Tony Becca ON THE BOUNDARY
The West Indies pulled off a remarkable recovery in Colombo last Sunday in defeating Sri Lanka, winning the ICC World Twenty20 tournament, and setting off a celebration, by the team and their fans, which will last for a long, long time.
The West Indies were the people's favourites to win the title, but Sri Lanka were the betting favourites to do so, and when the match started, and at the halfway stage of their innings, the West Indies appeared dead and waiting to be buried.
After 10 overs, the score was 32 for two, Marlon Samuels and Dwayne Bravo seemed shaky, nervous, and ready to go, and the hope of West Indian fans was dwindling, so much so that to many, it was the same old story.
It was the story of recent failures.
Two times, however, to their credit, the West Indies dug deep and came out on top, once when Samuels, with a shot-filled innings of 78 off 56 deliveries, six towering sixes and three fours, and Darren Sammy, with a crunching 26 not out at the end, amazingly drag them to 137 for six off the allotted 20 overs, and when, from 48 for one, Samuel Badree, Sammy, and Sunil Narine, two run-outs, and some brilliant fielding, dramatically nailed Sri Lanka for 101.
After the surprising start to their innings, the West Indies slammed 105 runs off the last 10 overs, and after Sri Lanka were cruising towards victory, apparently, after their fans were rocking in the R. Premadasa Stadium, the West Indies miraculously snatched six wickets for 21 runs in five overs as they headed for victory and turned the surroundings into a graveyard.
The only sound in the stadium full of people was the sound of the West Indies players and their fans as they celebrated their first victory, their first in a world tournament since Courtney Browne and Ian Bradshaw rescued them with a brilliant partnership in the Champions Trophy in 2004.
On the big day, Christopher Gayle failed with the bat, so too did Kieron Powell, and Andre Russell. On the day, however, Samuels was superb as he stood in the breach, batting at number three and getting out at 108 for six, Bravo was OK, and captain Sammy, batting briskly and undefeated, provided the finishing touch.
And when it came time to bowl, although Ravi Rampaul handed the West Indies a fairy-tale start by knocking over the dangerous Tillakaratne Dilshan with his first delivery, Sri Lanka looked set until Sunil Narine struck.
skidded to defeat
After that, with nine wickets falling for 52 runs in 9.1 overs, the Sri Lankans batted as if their brains were scrambled and skidded to defeat, dismissed, surprisingly and disappointingly, for 101 in 18.4 overs.
The West Indians all played well, especially in the field. To me, however, the stars of the day were Samuels and Sammy.
Had Samuel not batted so brilliantly, 78 runs out of 108 for six, had he not destroyed Lasith Malinga, the West Indies would not have reached a fighting total, and had Sammy not chipped in so well, the final score would not have been good enough to make a fight of it.
And in the field, Sammy was also good. By bowling Rampaul for one over at the start, and himself for two overs at the finish, by bowling four spin bowlers throughout the innings on a pitch which was slow and turning, he kept the pressure on the Sri Lanka batsmen over after over.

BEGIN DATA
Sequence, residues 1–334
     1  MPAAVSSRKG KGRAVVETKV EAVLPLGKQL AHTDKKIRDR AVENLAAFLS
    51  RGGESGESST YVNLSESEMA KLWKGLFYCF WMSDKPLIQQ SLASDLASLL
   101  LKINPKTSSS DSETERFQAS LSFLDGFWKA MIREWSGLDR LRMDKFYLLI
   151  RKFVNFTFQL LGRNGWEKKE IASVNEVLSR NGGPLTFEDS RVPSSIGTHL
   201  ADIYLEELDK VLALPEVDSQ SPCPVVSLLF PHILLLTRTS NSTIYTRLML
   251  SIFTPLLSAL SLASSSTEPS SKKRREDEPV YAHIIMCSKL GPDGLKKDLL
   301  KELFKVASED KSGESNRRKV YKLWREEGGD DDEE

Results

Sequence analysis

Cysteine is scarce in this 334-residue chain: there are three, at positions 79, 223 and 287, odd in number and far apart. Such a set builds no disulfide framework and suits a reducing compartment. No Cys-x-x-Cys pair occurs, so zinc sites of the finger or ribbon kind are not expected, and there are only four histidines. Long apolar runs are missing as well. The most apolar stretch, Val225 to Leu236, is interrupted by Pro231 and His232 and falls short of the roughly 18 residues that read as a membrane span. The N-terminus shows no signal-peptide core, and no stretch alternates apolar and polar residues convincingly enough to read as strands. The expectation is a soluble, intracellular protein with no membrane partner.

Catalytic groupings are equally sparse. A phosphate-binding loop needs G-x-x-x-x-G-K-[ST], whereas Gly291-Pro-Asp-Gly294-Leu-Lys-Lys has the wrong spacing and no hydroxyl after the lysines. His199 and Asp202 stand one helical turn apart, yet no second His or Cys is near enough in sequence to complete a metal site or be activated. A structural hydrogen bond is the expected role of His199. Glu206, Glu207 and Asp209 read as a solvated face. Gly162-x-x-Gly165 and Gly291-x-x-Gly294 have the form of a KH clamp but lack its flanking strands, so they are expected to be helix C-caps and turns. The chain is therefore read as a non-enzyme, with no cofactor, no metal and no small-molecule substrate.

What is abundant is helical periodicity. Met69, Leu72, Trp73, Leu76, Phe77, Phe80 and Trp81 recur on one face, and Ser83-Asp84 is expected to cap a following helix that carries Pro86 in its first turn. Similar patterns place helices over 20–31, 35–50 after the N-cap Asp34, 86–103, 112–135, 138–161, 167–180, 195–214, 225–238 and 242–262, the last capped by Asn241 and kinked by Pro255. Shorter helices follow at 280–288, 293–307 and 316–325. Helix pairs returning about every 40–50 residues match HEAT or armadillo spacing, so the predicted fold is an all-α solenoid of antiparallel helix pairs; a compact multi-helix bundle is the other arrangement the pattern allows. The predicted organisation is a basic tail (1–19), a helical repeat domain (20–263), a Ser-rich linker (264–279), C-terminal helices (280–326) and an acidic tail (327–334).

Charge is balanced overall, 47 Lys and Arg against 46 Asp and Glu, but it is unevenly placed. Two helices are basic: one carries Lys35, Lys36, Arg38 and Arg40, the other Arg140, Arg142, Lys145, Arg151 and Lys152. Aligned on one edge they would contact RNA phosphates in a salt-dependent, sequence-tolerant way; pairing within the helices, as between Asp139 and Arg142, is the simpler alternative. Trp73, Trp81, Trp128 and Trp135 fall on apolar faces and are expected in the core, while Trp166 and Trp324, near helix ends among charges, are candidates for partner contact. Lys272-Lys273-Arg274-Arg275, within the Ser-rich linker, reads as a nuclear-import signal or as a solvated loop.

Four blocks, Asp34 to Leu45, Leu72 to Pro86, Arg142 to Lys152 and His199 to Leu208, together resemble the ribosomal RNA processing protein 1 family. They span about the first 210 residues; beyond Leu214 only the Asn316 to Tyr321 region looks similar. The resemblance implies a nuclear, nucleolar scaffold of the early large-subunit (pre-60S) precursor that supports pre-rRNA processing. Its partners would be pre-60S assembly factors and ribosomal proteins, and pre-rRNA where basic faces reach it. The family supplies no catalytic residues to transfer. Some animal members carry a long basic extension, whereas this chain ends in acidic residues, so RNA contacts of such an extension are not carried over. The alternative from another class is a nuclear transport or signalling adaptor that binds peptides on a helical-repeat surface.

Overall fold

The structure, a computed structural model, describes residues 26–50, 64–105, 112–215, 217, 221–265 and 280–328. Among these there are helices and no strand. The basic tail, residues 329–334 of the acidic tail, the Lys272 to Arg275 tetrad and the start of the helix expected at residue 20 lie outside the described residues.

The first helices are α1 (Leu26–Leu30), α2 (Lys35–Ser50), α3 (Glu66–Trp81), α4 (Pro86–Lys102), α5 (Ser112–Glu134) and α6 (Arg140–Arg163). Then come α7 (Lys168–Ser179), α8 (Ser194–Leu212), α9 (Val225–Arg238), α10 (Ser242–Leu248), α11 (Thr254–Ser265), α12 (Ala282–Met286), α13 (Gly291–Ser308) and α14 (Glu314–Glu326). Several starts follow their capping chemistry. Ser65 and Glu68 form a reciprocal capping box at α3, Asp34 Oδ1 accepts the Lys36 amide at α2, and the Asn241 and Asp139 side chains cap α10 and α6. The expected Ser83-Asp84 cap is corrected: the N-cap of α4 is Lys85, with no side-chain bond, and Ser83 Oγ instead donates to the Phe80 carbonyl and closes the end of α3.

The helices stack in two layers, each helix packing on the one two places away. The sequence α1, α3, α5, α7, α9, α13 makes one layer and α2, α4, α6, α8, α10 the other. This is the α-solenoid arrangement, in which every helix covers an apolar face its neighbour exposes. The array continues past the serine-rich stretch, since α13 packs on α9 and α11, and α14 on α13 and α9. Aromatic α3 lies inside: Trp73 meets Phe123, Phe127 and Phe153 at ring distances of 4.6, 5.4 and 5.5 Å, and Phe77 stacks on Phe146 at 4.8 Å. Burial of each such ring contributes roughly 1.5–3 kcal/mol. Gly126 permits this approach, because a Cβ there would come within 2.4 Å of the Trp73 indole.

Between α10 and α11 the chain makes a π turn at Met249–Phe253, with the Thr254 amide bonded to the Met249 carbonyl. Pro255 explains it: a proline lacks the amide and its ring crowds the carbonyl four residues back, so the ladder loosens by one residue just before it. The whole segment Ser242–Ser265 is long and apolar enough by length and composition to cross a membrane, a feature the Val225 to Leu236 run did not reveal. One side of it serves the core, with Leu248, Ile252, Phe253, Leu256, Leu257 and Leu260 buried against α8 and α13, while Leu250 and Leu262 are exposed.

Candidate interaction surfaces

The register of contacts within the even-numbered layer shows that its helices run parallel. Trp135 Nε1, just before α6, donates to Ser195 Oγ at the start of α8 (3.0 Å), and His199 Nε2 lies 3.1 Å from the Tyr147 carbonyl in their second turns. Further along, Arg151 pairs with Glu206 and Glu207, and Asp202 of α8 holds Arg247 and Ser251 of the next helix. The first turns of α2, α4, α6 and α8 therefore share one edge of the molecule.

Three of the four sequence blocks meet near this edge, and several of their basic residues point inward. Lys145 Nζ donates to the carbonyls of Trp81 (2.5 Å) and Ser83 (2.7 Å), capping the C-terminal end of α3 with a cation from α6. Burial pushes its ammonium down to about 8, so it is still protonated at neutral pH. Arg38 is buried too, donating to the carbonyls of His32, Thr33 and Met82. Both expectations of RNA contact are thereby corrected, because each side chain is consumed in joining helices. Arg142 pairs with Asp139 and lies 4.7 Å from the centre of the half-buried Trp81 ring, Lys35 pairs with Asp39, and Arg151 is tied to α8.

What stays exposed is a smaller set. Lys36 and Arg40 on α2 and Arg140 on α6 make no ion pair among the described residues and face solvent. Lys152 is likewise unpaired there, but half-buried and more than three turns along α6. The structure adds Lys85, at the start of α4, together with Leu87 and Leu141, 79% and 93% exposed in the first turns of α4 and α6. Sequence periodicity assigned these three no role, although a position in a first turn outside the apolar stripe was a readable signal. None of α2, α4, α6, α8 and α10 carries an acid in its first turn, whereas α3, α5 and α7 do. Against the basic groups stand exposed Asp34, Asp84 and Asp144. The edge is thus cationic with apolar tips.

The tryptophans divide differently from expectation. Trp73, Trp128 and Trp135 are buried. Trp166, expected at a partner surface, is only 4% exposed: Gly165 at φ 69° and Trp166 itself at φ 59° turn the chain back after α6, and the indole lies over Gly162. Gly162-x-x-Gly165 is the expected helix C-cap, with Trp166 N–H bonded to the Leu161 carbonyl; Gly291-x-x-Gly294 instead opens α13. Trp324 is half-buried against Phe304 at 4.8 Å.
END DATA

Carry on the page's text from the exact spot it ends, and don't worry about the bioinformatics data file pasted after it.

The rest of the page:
In winning the World Twenty20, the West Indies have covered themselves in glory, and after all they have been through, they richly deserve it, no two ways about that.
As good as that is, however, as big as this victory may be, Twenty20 cricket is not the World Cup, and most of all, it is not Test cricket.
As much as we may laud the players, we must remember, among other things, that apart from one innings, Johnson Charles did not fire, that apart from their fielding, Powell and Russell did not fire, that apart from Narine, Badree, and Rampaul, but for one innings, the bowling was ordinary, and that although the West Indies rattled up the highest total in the tournament, in winning three matches, in tying one match (which they won in the Super Over), in suffering a no-result, and in losing two matches, the West Indies overall performance was somewhat disappointing.
The victory was nevertheless good for Twenty20 cricket, and it was entertaining and exciting.
Most of the victory, however, was due to the fighting spirit of the team, to the unity of the players, to the fitness of the players, and to the belief now that Gayle is back in the team.
Captain Sammy and coach Ottis Gibson should be congratulated for facilitating Gayle's peaceful re-entry to the team and for welcoming back the former captain without any show of hostility, just as Gayle deserves kudos for his commitment and behaviour since his return.
There is work with the regional clubs and with the regional tournaments still to be done in order to lift West Indies cricket back to its rightful place in world cricket, but this victory is a start: it is something to talk about, may be to boast about, along the way.
As Samuels has said, performances in Test cricket are what the fans remember, and captain Sammy himself has said, this is a step in the right direction but we are not back yet.
For the time being, however, the West Indies performances, especially the sixes from Gayle, Samuels, Dwayne Bravo, and once from Pollard, the acrobatic saves which saw fielders flying over the boundary, and the running, diving, and brilliant catches, exciting stops and brilliant throws, were simply fabulous, breathtaking, and magnificent.